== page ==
The dynamic properties and durability of conventional asphalt, however, are deficient in resisting pavement distresses. Hence, the task of current asphalt researchers and engineers is to look for different kinds of polymer modified bitumen with rheological properties that would directly affect the asphalt pavement performance [3]. Due to an increase in service, traffic density, axle loading, and low maintenance services, road structures have deteriorated and are therefore subjected to failure more rapidly. To minimise the damage of pavement such as resistance to rutting and fatigue cracking, asphalt needs to be modified with selected polymer [3]. The use of virgin polymers such as styrene-butadiene-styrene (SBS) and styrene-butadiene rubber (SBR) in pavement construction will increase the construction cost as they are highly expensive materials. However, with the use of alternative waste materials such as crumb rubber modifier (CRM), it will definitely be environmentally beneficial, and not only can it improve the bitumen binder properties and durability, but it also has the potential to be cost effective [20, 2326].

1.2. Novelty of Using Waste Polymer

Virgin polymer offers the possibility of producing mixtures that can resist both rutting and cracking; however, using virgin polymer is costly. Thus, using recycled polymer such as crumb rubber is a good alternative and is inexpensive. Also, it is considered as sustainable technology, that is, “greening asphalt” which would transform unwanted residue into a new bituminous mixture highly resistant to failure. Thus, utilising crumb rubber obtained from scrap automobile tyre is not only beneficial in terms of cost reduction but also has less ecological impact in keeping the environmental clean and to achieve better balance of natural resources.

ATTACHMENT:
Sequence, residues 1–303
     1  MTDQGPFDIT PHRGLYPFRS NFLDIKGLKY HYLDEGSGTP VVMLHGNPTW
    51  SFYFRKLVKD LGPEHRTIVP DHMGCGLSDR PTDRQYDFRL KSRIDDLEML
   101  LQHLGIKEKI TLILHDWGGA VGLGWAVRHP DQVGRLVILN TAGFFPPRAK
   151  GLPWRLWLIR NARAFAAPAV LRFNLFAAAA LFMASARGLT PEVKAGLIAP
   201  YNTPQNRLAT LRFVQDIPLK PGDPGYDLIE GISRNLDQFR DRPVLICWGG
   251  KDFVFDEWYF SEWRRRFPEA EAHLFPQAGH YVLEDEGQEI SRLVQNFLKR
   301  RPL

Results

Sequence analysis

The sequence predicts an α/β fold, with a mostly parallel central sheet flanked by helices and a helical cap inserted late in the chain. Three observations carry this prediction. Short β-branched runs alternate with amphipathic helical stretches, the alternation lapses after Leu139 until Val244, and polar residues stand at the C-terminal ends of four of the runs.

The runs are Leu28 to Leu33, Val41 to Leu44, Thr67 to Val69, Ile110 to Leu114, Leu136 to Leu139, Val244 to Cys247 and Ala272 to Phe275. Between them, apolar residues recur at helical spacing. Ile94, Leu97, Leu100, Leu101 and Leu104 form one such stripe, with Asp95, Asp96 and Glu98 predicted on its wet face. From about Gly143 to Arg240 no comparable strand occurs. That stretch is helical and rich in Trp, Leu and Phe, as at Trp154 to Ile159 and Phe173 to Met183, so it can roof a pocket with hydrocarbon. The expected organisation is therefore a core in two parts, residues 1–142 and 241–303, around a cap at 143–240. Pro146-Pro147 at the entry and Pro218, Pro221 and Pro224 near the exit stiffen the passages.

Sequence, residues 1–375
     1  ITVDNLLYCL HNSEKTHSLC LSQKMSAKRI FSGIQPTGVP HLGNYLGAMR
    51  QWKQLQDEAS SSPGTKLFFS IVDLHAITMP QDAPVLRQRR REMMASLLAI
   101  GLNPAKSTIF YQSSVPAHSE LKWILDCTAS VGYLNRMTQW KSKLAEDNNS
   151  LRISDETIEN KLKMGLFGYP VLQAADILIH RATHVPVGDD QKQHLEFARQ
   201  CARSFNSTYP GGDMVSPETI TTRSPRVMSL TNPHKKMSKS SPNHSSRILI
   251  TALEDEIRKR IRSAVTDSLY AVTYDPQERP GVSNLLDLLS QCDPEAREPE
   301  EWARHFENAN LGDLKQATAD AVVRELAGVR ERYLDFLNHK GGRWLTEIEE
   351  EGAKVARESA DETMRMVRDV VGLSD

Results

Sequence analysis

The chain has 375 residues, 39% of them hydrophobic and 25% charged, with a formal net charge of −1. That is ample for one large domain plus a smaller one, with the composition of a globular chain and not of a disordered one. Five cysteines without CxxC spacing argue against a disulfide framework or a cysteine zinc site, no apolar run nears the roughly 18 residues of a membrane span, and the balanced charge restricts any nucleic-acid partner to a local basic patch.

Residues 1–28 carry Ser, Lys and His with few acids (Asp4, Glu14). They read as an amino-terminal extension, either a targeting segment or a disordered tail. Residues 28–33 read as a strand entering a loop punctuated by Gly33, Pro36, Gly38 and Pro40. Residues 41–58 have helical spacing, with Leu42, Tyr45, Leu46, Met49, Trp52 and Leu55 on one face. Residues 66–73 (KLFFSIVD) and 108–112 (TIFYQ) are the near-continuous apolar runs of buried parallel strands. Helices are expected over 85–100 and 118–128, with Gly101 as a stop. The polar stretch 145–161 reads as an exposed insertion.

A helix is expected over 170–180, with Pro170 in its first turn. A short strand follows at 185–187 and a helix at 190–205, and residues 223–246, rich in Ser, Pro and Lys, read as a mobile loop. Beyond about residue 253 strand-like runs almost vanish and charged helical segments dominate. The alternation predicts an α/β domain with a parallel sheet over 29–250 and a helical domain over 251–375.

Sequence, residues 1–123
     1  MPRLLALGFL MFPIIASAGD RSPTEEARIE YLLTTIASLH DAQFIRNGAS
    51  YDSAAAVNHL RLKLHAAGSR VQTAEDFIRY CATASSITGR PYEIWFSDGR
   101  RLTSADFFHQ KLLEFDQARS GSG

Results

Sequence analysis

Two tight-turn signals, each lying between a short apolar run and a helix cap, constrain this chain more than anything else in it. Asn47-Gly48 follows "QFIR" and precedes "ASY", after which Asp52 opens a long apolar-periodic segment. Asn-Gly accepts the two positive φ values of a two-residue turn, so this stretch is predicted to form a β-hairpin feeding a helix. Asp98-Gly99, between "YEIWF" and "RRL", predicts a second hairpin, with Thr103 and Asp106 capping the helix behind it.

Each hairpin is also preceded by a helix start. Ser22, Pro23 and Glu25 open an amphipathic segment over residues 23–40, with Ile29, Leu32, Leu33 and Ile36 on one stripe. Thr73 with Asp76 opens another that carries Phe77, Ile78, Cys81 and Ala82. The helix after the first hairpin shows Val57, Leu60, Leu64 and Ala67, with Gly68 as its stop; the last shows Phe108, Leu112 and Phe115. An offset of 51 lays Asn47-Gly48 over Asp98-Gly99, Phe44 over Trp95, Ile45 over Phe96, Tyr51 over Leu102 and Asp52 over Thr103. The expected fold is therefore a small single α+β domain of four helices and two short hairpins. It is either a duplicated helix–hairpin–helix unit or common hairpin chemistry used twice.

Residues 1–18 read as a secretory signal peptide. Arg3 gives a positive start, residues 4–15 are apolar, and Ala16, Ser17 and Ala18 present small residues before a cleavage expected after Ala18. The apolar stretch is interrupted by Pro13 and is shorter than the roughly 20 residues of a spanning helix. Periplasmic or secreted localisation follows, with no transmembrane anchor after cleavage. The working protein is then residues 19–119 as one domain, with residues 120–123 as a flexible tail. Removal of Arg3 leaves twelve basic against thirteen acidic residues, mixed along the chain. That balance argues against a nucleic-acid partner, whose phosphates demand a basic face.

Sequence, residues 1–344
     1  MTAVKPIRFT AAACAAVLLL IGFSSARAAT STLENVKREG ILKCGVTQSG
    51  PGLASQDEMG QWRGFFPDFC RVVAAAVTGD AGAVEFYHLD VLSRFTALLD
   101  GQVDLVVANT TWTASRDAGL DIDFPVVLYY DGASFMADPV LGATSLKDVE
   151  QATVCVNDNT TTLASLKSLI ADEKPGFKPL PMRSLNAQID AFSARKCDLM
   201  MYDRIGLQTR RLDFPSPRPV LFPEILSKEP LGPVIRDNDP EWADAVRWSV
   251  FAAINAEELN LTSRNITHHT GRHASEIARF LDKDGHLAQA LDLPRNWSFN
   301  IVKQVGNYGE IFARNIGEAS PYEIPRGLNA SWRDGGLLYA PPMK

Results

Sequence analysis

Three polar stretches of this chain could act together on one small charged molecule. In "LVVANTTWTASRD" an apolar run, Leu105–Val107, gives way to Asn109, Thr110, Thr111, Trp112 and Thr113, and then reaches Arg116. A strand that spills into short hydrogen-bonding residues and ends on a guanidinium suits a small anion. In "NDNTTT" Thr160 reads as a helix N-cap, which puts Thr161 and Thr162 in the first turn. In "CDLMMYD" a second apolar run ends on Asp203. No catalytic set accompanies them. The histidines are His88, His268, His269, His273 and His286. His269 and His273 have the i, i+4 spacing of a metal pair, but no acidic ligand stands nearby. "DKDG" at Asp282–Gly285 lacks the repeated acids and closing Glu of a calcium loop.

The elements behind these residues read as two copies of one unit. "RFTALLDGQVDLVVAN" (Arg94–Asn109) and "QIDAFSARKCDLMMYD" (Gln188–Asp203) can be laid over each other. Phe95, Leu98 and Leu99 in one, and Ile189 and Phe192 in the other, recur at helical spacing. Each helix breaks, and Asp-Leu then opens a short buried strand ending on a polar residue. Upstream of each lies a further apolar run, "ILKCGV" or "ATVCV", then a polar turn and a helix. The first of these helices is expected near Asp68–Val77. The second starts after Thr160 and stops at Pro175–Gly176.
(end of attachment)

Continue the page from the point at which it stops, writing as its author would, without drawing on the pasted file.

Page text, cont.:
Crumb rubber or waste tyre rubber is a blend of synthetic rubber, natural rubber, carbon black, antioxidants, fillers, and extender type of oils which are soluble in hot paving grade. Rubberised asphalt is obtained by the incorporation of crumb rubber from ground tyres in asphalt binder at certain conditions of time and temperature using either dry process (method that adds granulated or crumb rubber modifier (CRM) from scrap tires as a substitute for a percentage of the aggregate in the asphalt concrete mixture, not as part of the asphalt binder) or wet processes (method of modifying the asphalt binder with CRM from scrap tires before the binder is added to form the asphalt concrete mixture). There are two rather different methods in the use of tyre rubber in bitumen binders: first is by dissolving crumb rubber in the bitumen as binder modifier and second is by substituting a portion of fine aggregates with ground rubber that does not completely react with bitumen [4].

The main characteristic of rubber is its property of high elasticity which allows it to undergo large deformations from which almost complete, instantaneous recovery is achieved when the load is removed [5]. This property of high elasticity derives from the molecular structure of rubber. Rubber belongs to the class of materials known as polymers and is also referred to as an elastomer.

The properties of an elastomer rubber are as follows.(i)The molecules are very long and are able to rotate freely about the bonds joining neighbouring molecular units.(ii)The molecules are joined, either chemically or mechanically, at a number of sites to form a three-dimensional network. These joints are termed cross-linked.(iii)Apart from being cross-linked, the molecules are able to move freely past one another; that is, the Van der Waal’s forces are small.